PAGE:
Paulownia (Paulownia tomentosa), also called princess tree or empress tree, has purple, pleasant-scented blooms that appear before the foliage in early spring. I saw this tree for the first time when I traveled to Howard County for training in 2012, as this is not a tree we have in Garrett County. Its striking, large, heart-shaped leaves automatically caught my attention and reminded me of the Northern catalpa tree, a great native tree that should not be mistaken for Paulownia. According to Plant Invaders of the Mid-Atlantic Areas, one empress tree is capable of producing 20 million seeds that mature to flowering in only 10 years! These trees prefer full sun but can grow on disturbed soils, creek banks, and even forested areas which gives them a big advantage over native species that often require more special environments to grow and thrive. Paulownia’s ability to sprout from adventitious buds on stems and roots allows it to survive fire, cutting, and bulldozing. It is, therefore, a very difficult and costly invasive plant to control, according to the Maryland Invasive Species Council Plant Invader of the Month listing. 

A great alternative to Paulownia is the native Eastern redbud, which produces early, purple/reddish-purple blooms. 

For additional information, history, and control options for Paulownia, visit the University of Maryland Extension web pages Invasives in your Woodland and Princess Tree. 

Q: What invasive tree looks similar to black walnut?

tree of heaven foliage looks very similar to that of black walnut and sumac
Tree-of-Heaven (Ailanthus altissima). Photo: Chuck Bargeron, University of Georgia,

Tree-of-Heaven (Ailanthus altissima) was introduced in the late 1700’s and thrives in many soil conditions. It has an amazing ability to grow very quickly and can disturb building foundations and even pavement! It was widely planted as a street tree and thus is found far and wide in the Eastern United States. This tree is called by other names including China-sumac, stinking sumac, or varnish tree due to its strong unpleasant odor. Tree-of-Heaven is sometimes mistaken for sumac, hickory, or black walnut because of similarities in leaf shape; however, look for the glands on the bottom of each leaflet to confirm its identity.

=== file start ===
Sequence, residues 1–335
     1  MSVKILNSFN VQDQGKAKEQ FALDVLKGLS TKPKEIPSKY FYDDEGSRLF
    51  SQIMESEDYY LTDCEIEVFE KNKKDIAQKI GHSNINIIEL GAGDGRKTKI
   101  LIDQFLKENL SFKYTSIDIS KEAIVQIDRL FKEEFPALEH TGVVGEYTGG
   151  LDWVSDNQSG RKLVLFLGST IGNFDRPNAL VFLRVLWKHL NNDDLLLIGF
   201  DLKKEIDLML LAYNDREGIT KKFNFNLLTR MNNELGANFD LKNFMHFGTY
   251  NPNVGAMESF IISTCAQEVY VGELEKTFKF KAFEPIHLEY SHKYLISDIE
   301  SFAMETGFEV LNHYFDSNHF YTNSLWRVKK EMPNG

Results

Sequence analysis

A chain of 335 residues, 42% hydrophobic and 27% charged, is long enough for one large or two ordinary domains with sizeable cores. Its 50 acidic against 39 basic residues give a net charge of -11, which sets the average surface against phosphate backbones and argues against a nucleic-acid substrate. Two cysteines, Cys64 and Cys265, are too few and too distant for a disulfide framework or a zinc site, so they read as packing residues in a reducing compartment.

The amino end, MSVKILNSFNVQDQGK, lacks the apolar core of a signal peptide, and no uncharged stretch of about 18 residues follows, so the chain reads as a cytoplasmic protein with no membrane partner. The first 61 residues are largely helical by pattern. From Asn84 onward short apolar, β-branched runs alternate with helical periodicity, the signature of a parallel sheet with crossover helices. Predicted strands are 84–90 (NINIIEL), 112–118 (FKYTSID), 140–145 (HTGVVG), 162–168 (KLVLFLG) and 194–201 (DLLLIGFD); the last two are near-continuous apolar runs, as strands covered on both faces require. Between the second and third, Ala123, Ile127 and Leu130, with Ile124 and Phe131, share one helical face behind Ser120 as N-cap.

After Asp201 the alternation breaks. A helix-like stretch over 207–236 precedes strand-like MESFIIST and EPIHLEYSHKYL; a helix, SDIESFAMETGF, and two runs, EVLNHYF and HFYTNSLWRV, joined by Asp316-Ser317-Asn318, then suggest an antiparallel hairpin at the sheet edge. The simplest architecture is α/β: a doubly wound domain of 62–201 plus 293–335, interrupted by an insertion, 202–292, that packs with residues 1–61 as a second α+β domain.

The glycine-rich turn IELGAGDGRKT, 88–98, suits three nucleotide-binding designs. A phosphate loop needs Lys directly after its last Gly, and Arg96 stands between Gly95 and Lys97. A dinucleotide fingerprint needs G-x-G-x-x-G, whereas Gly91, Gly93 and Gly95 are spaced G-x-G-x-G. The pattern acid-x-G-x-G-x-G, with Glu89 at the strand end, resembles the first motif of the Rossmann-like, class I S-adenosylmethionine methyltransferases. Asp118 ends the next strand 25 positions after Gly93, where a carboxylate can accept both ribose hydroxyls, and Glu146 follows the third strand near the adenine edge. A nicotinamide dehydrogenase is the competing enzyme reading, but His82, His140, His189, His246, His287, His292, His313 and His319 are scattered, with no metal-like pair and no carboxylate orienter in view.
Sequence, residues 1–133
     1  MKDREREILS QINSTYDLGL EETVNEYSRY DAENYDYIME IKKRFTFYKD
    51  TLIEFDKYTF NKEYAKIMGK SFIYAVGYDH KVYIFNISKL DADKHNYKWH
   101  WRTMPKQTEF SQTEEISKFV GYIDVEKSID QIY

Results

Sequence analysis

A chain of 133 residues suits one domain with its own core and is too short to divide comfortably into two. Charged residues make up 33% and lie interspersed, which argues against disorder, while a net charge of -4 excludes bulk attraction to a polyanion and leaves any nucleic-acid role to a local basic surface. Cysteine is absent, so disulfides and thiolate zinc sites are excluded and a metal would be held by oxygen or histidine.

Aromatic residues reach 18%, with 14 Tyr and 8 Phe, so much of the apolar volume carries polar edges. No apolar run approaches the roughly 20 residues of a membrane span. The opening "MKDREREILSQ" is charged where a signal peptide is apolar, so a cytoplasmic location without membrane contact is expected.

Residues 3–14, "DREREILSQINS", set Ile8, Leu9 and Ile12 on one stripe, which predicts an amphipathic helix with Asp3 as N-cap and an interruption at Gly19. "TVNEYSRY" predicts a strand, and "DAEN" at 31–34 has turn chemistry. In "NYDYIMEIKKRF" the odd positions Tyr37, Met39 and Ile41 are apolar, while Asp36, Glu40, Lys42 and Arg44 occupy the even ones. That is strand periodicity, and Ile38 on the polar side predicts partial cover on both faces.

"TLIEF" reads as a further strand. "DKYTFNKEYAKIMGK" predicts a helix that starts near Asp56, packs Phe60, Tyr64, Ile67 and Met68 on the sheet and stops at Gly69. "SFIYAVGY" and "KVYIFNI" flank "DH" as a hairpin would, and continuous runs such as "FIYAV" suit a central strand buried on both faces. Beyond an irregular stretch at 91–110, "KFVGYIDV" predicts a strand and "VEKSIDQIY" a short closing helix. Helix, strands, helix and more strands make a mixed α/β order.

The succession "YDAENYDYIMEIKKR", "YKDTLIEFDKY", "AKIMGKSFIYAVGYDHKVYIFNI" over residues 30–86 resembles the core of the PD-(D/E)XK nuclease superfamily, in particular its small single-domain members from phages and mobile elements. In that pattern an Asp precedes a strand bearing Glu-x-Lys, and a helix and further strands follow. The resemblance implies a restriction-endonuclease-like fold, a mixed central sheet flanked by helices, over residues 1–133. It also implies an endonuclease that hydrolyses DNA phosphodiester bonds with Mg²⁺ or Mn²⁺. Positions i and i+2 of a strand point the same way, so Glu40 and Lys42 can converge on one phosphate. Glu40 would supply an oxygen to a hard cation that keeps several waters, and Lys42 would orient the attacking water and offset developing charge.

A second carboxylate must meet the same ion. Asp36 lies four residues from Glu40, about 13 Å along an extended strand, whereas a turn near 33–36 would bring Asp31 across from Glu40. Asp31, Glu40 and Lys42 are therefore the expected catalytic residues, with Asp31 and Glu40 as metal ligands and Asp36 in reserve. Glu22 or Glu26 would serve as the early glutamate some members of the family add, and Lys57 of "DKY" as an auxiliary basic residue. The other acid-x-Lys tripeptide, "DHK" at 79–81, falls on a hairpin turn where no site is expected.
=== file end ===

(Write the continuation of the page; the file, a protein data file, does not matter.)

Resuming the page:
Just in case you needed one more reason to remove Tree-of-Heaven, it is a preferred food source for the new, exotic, invasive insect pest, spotted lanternfly.  

For more specific information, history, and control options, visit these web pages:

Keep an eye out this spring for non-native, invasive trees as there are many others that I did not address in this article. Take any opportunity to help educate friends or family about the negative impact of invasive plants on biodiversity.   

Resources for invasive plant identification: 

Resources for non-invasive plant suggestions: 

Check out the University of Maryland Extension website on Introduction to Invasive Plants for more information on how to reduce invasive plants.

Remember, the absolute best way to avoid invasive plants is to never plant or introduce them into your landscape! 

By Ashley Bodkins, Senior Agent Associate and Master Gardener Coordinator, Garrett County, Maryland. Read more posts by Ashley.

Q&A: What can I do about rust fungus on my juniper?

  A rust gall on juniper with spore “horns” just starting to emerge. As soon as it rains after this point, the “horns” turn gelatinous and bright orange. Photo: M. Talabac

Q:  I heard rust fungus can infect junipers but they aren’t worth spraying to treat. Is there anything else I can do to reduce the fungal spread from them to my other trees?

A:  If you see and can reach fungal galls on the branches, clip them off. Some rust fungi (though not all) create a gall on their juniper hosts. Plant galls are tumor-like in that they’re clusters of malformed tissue, often in response to a pest or (in this case) an infection. When the weather starts to be consistently mild in spring and we receive enough rainfall, the galls where the fungus is spending the winter will begin to exude their spores.